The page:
Spin, who titled their post "'American Idol' Shocker: Phillip Phillips' Coronation Song 'Home' Doesn't Suck", called the tune "shockingly good — especially for an Idol coronation song, which have a tendency to be horrifyingly embarrassing."
"Home" debuted on the Billboard Hot 100 at No. 10, the first time in four years a coronation single from an American Idol winner has reached the top 10. David Cook's single "The Time of My Life" debuted at No. 3 in the week ending May 25, 2008. "Home" sold 278,000 the first week, the biggest digital sales week ever for a winner's coronation song, surpassing David Cook's "Time of My Life," which had first week sales of 236,000 in 2008. It is also the second-best digital sales week ever for any "Idol" contestant, behind Kelly Clarkson's 2009 song "My Life Would Suck Without You" which sold 280,000 in its debut week.
The song was later used in the NBC women's gymnastics coverage of the 2012 Summer Olympics, and the song re-entered the Hot 100 at 84 on August 1 on the strength of a one-night boost in sales after its first airing. The song then sold over 105,000 copies in a three-day span the next week, and totalled 228,000 for the week. It also re-entered the Top 10 and reached a new high of No. 9 in the Hot 100 chart the same week, the first song to reach the Hot 100's Top 10 in separate chart runs in a single calendar year. The following week its sales exceeded a million. The song hit No. 1 on 11 separate Billboard charts, including Rock Digital Songs, Hot Digital Songs, Hot Digital Tracks, adult alternative Triple A, Triple A Audience, Adult Top 40, and Adult Contemporary. The song reached a new peak at No. 8 in the Hot 100 chart in the week his album The World from the Side of the Moon debuted in the Billboard 200 chart in November. It climbed to No. 7 a week later, dropped to No. 8 and No. 9 in subsequent weeks in December and January, then resumed its ascent to a new peak at No. 6 in mid-January 2013. Together with increasing radioplay, it again started posting sales of more than 100,000 units per week from mid-November until late February 2013. This song reached its 5 million sales mark in the US in March 2014. As of December 2015, the song has sold 5,400,000 copies in the US.
The music video was directed by Joseph Toman and was shot over three days (July 14–16) while on the road with the American Idol tour, traveling from Denver to Salt Lake City. The video premiered on Phillip Phillips' Vevo site on August 2, 2012. Much of the video interweaves black-and-white imagery of American landscapes with footage of Phillips jamming on the tour bus. The purpose of the video, according to the director, was to "make something that felt real and show people who Phillip really is", to "give a sense of journey, both for the viewer and the star", and "the idea of feeling home, at peace, even when you can't actually be 'home.' "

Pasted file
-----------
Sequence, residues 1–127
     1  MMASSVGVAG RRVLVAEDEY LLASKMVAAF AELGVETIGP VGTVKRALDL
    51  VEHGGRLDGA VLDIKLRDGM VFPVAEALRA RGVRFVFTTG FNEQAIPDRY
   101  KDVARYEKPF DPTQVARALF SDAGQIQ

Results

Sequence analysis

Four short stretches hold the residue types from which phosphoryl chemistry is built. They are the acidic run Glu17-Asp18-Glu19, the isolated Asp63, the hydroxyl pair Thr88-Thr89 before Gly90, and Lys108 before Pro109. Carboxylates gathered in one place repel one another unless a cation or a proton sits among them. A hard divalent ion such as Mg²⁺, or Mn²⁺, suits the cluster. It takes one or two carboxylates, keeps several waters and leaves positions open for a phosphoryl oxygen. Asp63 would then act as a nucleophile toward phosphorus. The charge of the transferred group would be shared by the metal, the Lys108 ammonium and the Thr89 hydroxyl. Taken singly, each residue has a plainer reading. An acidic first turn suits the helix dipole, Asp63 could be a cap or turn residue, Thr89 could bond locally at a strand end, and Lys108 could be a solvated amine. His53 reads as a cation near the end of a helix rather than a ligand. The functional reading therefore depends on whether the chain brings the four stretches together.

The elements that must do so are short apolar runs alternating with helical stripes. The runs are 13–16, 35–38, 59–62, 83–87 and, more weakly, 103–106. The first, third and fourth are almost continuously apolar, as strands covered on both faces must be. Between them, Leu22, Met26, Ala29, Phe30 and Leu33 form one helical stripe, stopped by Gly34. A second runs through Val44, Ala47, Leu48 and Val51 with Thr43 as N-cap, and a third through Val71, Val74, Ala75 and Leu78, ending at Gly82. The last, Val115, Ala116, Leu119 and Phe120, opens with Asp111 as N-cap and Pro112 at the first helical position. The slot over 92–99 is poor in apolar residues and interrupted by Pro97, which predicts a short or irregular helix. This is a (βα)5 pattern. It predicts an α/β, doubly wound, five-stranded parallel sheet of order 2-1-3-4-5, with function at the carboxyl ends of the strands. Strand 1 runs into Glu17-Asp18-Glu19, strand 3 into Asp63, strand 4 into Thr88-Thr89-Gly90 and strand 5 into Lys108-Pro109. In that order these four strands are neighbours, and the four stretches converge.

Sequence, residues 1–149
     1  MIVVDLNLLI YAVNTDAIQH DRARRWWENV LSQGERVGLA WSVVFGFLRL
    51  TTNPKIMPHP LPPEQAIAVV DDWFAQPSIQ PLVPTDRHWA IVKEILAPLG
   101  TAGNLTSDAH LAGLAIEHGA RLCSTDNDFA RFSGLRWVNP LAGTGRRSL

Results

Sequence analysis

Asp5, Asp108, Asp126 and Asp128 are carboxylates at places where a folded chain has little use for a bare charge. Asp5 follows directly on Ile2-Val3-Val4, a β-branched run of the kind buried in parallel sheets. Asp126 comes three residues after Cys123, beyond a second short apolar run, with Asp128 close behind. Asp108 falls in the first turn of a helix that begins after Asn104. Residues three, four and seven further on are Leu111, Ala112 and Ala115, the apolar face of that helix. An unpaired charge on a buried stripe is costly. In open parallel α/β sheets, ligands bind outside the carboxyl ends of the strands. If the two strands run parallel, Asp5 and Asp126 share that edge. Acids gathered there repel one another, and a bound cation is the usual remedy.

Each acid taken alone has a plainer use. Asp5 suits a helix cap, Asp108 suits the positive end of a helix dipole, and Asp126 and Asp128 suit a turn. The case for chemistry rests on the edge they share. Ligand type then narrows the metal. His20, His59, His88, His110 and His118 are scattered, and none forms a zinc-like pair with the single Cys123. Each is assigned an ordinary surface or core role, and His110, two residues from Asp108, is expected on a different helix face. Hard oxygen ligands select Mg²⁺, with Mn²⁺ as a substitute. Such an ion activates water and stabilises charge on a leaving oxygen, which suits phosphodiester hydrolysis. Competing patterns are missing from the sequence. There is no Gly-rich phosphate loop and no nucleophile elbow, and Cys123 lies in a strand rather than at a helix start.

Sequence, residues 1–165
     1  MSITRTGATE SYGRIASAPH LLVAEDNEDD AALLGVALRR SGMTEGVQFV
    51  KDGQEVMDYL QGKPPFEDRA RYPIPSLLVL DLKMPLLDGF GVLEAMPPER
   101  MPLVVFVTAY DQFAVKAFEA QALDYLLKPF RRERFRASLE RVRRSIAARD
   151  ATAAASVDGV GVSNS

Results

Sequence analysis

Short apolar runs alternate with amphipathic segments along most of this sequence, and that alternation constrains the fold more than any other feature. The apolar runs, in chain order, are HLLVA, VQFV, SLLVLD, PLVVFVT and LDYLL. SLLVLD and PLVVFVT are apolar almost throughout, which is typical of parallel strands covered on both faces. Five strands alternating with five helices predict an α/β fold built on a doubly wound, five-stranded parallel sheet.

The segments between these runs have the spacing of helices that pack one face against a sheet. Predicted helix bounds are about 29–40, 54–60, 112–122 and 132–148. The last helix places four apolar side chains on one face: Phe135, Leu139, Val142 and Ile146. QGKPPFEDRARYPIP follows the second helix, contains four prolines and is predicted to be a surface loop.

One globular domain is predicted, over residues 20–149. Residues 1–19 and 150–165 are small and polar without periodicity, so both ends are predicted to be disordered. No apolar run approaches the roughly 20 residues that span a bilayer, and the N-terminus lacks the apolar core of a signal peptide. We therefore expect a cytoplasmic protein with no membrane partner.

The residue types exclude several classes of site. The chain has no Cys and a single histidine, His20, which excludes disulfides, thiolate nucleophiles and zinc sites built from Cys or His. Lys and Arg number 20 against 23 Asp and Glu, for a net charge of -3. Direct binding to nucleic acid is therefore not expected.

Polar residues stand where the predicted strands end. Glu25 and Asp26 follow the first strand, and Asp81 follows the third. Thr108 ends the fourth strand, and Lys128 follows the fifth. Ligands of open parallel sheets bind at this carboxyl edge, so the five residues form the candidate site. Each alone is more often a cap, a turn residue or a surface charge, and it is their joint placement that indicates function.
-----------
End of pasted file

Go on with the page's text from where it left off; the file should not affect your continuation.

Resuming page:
In popular culture
Phillips performed this song during the 36th Annual Capitol Fourth on July 4, 2012. The song quickly became a song popularly used as backing soundtrack in films, television shows, and commercials after its release. It appeared in the trailer for the film Trouble with the Curve, the trailer for the 2014 Disneynature film Bears, as well as the ending credits of Parental Guidance and Monster Trucks. It was in a television commercial for Extreme Makeover: Home Edition, played at the end of Suburgatory episode "Krampus," and was performed as a mash-up with Simon & Garfunkel's "Homeward Bound" on Glee. The song was used in a number of commercials - it was first used in a commercial for American Family Insurance in the US, then Vizio, Coldwell Banker, Mazda, and Walmart. It was also used by Tim Hortons in their advertisement for their new Tassimo T-discs in Canada, and by Vax in the United Kingdom.
On April 17, 2013, two days after the Boston Marathon bombings, the song was used in a photo montage dedicated to the first responders, as part of the pre-game ceremony before the Boston Bruins game against the Buffalo Sabres at the TD Garden, in Boston, Massachusetts. The song was also used to close out the 2014 Dinesh D'Souza film America: Imagine the World Without Her in a 3-minute sequence celebrating the values of United States.
Use in the Olympics
The song was sampled in the segment on US women gymnastics during the 2012 United States Olympic Trials, then again during the 2012 London Olympics coverage on NBC. Phillips commented "It's an honor for them to use that song, and I'm so proud of it and how well it has done." After the games, Phillips performed the song twice for members of the gold medal winning gymnastics team in Boston and New York.
|Canada (Music Canada)||4× Platinum||320,000^|
|New Zealand (RMNZ)||Gold||7,500*|
|United States (RIAA)||4× Platinum||5,400,000|
*sales figures based on certification alone
|United States||May 23, 2012|
|Italy||February 15, 2013|
|United Kingdom||June 3, 2013|
- List of number-one digital songs of 2012 (U.S.)
- List of Adult Top 40 number-one singles of 2012
- List of number-one adult contemporary singles of 2013 (U.S.)